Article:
Verbs are where the action is. Learning to conjugate the three main types of regular French verbs (-er verbs, -ir verbs and -re verbs) is one of the most important steps in being able to express yourself in French. Learning these conjugation patterns also means you can easily incorporate new (regular) verbs into your vocabulary.
This Jeopardy-like quiz board takes you through a series of regular verb conjugations.
A word to the wise: if you have autofill turned on in your browser, consider turning it off temporarily or clearing your cache if you want to repeat the exercise. Otherwise, your previous answers will reappear when you start to type, which can get distracting.
The randomness of this exercise provides a more natural way of practicing verb conjugations than memorizing and reciting the standard je/tu/il… (I/you [singular]/he…) pronoun paradigm. Because you’re not just rattling off conjugation patterns by rote, you’ll have to think more carefully about which conjugation is correct.
Conjugaison de verbes irréguliers au présent de l’indicatif (Present-tense Irregular Verb Conjugation)
Break the rules: irregular verbs. Some of the most important French verbs—such as être (to be), savoir (to know), dire (to say or to tell) and faire (to make or to do)—are irregular. They don’t follow the same patterns as regular verbs, so their conjugations need to be individually memorized.
Interactive exercises are an effective tool for learning and retaining these indispensable verbs. They require you to apply irregular conjugations in realistic (or at least randomized) situations, as opposed to rote memorization.
On this site, you’ll get a straightforward lesson in a handful of common irregular French verbs. Scroll down, and there are different exercises where you can practice using them through matching, multiple choice and fill-in-the-blank questions.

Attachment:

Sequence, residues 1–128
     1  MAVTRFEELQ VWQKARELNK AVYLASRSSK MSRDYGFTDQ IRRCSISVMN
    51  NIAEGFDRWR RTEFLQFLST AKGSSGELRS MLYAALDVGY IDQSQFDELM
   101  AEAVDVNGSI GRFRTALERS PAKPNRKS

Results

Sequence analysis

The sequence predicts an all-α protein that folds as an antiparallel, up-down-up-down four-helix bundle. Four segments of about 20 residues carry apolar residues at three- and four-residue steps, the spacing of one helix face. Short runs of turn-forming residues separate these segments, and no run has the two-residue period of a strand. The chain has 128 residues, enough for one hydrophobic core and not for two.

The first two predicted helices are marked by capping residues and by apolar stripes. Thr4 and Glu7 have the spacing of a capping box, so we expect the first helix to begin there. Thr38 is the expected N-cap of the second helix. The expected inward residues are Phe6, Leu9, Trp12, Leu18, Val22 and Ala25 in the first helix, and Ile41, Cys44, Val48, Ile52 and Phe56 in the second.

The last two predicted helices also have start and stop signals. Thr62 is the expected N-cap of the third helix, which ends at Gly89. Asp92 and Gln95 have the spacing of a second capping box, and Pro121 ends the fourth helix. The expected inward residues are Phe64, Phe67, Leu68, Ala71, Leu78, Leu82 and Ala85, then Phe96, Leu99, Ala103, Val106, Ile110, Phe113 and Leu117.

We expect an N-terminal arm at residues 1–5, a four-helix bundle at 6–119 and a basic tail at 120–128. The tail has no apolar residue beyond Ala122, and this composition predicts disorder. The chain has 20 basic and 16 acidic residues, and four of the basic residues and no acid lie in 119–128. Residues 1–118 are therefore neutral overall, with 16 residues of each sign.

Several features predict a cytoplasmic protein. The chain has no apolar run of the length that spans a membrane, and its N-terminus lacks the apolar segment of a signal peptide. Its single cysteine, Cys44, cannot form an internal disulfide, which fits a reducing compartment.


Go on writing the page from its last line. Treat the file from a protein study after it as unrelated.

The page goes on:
Les articles contractés et les instruments (Contracted Articles and Musical Instruments)
Squeeze in contracted articles. French is full of mandatory contractions. This set of exercises uses musical instruments such as l’accordéon (the accordion) to teach you how to use the following contracted articles:
- du (of the [before a masculine noun])
- de la (of the [before a feminine noun ])
- de l’ (of the [before a singular noun beginning with a vowel or letter “h”])
- des (of the [before a plural noun])
Learn the French name for each instrument using the lesson at the top of the page, then try your skills with matching and multiple choice.
Choosing the correct contracted article in context, rather than in isolation, anchors real-life usages in your mind and brings abstract, hard-to-remember grammar rules to life.
Interactive Exercises for Practicing Numbers
Use basic arithmetic skills to increase your mastery of the first dozen written numbers in French. Choose from eight possible answers to a simple addition or subtraction problem.
This exercise is timed, so keep an eye on the hourglass!
Zipping through these calculations with nothing but the French number words for clues will force you to use the French words functionally (it’s great practice for paying/asking for change in a French store). You won’t have time to translate each number from English, since the potential answers will be presented in a different order each time.
Go digital. Show your comprehension of French number words by writing the right digits to match them.
The clues are arranged so that easily-confused numbers are presented one right after the other—highlighting possible pitfalls, and causing you to stop and think about the correct answer.
Ready to venture into higher mathematics? Write the correct numerals for French words in the deux cent (two hundred) to mille (one thousand) range.
Master ordinary ordinals. First, you learned cardinal numbers—un, deux, trois (one, two, three), etc. Now you can put things in their place with this fill-in-the-blank ordinal number exercise. It’s first class and second to none!